Protect yourself against mosquito 'baby boom'

By April Reese
University of Georgia

After five years of drought, Georgia came into this spring with a backlog of unhatched mosquito eggs. Now, suddenly, the state is facing a mosquito "baby boom."

Mosquito eggs lie dormant until they're immersed in water, which signals them to hatch, said Nancy Hinkle, a University of Georgia scientist. Because Georgia hasn't had enough rain to flood their habitats in years, leftover eggs from years gone by were just waiting to be soaked and stimulated to hatch.

Hinkle, an entomologist with the UGA College of Agricultural and Environmental Sciences, said the best way to limit the insects' population explosion is to focus on pools of water left behind by all the rains. These are prime breeding grounds for mosquitoes.

Don't worry about ditches or streams where the water is moving. "Mosquito larvae can't develop in flowing water," Hinkle said.

Controlling breeding sites

The cheapest and best way to control mosquitoes, she said, is to get rid of places where they breed.

Used tires, for instance, are "significant breeding sites," Hinkle said. "Tires should be recycled and properly disposed of to keep them from becoming mosquito sources."

There are more potential mosquito nurseries than you might think, Hinkle said. She suggests these tips:

  • Around the yard, remove any container that holds water, or turn it upside down.
  • Clean out birdbaths weekly and replenish them with fresh water.
  • Drain or flush the water weekly in wading pools, flowerpot saucers and other spots where water collects.
  • Clean rain gutters so water doesn't puddle.
  • Trim shrubbery and eliminate tall grass and weeds where adult mosquitoes hide during the day.

Mosquito Larvicide Products

Hinkle said many over-the-counter products kill mosquito larvae.

  • Agnique has an active ingredient that forms a film on the water surface, smothering mosquito larvae. You can buy it from Adapco by calling 1-800-367-0659.
  • Altosid 30-Day Briquets (on-line) and Zodiac Preventative Mosquito Control (in pet stores) contain methoprene, an insect growth regulator.
  • Bactimos Briquets, Mosquito Dunks and Mosquito Bits contain Bti, a bacterium specific to mosquitoes. You can get them on-line or in hardware, feed-and-seed and garden stores.
Another biological control option is stocking standing water with "mosquito fish," or gambusia.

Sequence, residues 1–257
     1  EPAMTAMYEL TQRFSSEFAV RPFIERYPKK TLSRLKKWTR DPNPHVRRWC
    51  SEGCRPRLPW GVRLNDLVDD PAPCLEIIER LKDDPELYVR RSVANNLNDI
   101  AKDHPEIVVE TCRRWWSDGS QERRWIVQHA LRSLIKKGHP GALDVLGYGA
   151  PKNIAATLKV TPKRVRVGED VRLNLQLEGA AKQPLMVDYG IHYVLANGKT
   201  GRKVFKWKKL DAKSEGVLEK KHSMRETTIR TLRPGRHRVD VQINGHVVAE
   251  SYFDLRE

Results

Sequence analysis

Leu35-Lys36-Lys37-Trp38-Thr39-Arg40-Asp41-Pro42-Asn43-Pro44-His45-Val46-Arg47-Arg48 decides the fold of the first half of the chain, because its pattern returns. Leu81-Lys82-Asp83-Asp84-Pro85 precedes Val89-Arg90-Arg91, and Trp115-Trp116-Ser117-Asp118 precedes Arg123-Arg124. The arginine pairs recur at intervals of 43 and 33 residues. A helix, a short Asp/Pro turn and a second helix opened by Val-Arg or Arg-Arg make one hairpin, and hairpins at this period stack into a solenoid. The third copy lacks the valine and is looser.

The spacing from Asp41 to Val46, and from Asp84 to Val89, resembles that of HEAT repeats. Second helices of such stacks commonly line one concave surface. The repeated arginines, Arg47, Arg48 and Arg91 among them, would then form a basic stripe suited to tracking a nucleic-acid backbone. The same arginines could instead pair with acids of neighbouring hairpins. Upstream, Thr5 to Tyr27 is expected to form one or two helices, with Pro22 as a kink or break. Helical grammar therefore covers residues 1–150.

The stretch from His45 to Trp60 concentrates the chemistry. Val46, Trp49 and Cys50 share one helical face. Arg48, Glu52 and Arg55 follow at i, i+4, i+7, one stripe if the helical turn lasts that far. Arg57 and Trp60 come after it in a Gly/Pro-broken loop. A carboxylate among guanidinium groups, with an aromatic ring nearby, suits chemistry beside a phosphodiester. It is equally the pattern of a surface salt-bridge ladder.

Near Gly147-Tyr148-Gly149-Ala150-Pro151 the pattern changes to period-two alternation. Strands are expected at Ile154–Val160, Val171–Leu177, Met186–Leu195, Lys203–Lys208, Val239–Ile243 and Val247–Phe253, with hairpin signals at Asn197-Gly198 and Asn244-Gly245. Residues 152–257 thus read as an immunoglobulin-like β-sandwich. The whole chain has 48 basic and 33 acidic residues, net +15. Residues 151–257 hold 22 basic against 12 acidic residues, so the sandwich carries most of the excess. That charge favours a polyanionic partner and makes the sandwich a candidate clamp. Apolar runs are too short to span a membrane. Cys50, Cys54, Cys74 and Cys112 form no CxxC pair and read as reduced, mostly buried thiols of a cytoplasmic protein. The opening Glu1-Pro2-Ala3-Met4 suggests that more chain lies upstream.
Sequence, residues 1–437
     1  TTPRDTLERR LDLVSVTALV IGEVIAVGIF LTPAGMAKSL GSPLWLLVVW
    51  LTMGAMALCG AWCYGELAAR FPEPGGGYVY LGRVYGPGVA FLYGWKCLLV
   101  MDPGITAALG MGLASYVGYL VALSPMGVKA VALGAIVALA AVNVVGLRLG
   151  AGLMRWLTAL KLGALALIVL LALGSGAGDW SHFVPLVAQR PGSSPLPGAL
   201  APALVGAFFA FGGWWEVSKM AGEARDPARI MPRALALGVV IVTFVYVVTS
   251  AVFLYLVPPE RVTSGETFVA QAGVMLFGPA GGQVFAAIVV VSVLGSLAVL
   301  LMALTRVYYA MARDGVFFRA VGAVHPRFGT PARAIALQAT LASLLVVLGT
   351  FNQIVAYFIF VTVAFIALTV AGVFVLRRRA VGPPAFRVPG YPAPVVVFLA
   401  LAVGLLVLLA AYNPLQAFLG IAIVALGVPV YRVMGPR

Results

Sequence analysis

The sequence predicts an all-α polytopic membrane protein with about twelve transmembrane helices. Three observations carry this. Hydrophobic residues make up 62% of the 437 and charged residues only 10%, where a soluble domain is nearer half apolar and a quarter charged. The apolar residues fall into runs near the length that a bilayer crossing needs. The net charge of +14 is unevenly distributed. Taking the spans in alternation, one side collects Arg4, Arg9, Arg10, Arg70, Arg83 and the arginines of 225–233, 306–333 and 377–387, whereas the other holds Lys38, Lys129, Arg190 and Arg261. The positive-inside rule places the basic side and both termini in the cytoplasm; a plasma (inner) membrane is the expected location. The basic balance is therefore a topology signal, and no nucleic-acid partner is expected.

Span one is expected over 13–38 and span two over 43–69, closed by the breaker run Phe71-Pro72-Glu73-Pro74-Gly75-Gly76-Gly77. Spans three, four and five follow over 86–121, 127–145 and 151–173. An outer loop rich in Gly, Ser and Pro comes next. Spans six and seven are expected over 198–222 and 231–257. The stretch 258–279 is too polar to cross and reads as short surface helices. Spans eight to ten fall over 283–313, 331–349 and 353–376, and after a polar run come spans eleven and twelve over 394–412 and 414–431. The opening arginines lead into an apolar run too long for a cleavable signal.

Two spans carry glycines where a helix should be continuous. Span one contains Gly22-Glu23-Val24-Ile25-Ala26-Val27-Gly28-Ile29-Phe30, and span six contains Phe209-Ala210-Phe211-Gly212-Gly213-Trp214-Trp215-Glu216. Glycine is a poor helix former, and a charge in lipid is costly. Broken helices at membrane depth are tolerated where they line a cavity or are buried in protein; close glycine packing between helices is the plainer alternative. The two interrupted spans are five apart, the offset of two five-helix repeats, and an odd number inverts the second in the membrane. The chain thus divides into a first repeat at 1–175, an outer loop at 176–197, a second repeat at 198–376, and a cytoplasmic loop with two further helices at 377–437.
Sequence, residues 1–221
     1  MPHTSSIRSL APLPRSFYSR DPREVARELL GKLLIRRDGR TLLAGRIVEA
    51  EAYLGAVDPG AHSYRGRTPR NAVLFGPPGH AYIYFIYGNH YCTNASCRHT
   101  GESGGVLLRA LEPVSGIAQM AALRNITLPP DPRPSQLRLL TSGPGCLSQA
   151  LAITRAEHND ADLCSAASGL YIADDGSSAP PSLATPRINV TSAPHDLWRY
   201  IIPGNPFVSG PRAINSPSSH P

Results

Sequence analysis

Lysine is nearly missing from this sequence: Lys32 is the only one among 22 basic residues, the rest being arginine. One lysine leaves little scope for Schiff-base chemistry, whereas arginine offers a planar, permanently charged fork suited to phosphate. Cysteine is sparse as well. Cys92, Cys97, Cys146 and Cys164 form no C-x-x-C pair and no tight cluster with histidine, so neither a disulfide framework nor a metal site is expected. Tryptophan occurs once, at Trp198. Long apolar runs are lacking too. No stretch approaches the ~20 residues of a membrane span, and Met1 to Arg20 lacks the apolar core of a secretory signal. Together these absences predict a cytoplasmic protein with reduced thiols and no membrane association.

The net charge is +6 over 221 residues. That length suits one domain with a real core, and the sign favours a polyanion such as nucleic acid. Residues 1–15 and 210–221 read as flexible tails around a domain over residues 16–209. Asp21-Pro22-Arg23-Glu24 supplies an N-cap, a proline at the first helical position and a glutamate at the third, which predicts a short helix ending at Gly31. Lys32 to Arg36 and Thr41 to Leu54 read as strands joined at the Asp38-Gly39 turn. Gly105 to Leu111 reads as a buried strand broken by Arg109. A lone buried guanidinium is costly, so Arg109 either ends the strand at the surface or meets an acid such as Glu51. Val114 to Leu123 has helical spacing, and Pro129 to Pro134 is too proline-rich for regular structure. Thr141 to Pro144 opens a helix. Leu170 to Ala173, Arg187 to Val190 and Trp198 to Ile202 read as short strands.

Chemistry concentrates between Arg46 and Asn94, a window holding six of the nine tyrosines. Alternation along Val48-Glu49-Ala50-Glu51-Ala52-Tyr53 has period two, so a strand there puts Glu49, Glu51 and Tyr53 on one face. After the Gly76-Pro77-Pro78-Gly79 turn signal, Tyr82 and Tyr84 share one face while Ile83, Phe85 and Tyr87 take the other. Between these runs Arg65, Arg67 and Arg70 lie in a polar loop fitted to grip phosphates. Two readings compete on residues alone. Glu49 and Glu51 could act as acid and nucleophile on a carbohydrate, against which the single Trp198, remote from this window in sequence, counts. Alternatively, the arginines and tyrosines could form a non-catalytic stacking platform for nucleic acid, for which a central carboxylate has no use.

"These small minnows feed on mosquito larvae and reproduce, so they maintain themselves and provide ongoing suppression," Hinkle said.

You can stock lily pools, ponds, ditches and even livestock- watering troughs with these tiny fish. Order them on-line.

For severe mosquito infestations, consider hiring a professional pest-control company with expertise in mosquito control.

For personal protection

For the mosquitoes that have already hatched, repellents can help protect you from bites. Hinkle suggests ways to limit your exposure to mosquitoes.

  • Wear light-colored clothes outside. Dark colors attract mosquitoes.
  • Stay indoors at dawn and dusk, when mosquitoes are usually most active.
  • Wear a repellent containing DEET, and treat clothing with a product such as Permanone (containing permethrin). Herbal repellents work for less than an hour.
  • If you use citronella candles, orient them so the breeze directs the candle smoke toward you. The smoke is what repels mosquitoes.
Always follow label instructions to protect you and the environment, Hinkle said.

But she advises caution about what you buy to control mosquitoes. They're not always what they claim to be. "Mosquito plants don't repel mosquitoes," she said. "Neither do garlic, herbal bracelets or ultrasonic devices."

Traps that use light or carbon dioxide to lure in insects may attract more mosquitoes than they kill. If you're considering one of these bug-busters, "Give the device to a neighbor a block away," Hinkle said.

To learn more about controlling mosquitoes, call the University of Georgia Extension Service office in your county. Or visit the West Nile Web site at

(April Reese is a student writer with the University of Georgia College of Agricultural and Environmental Sciences.)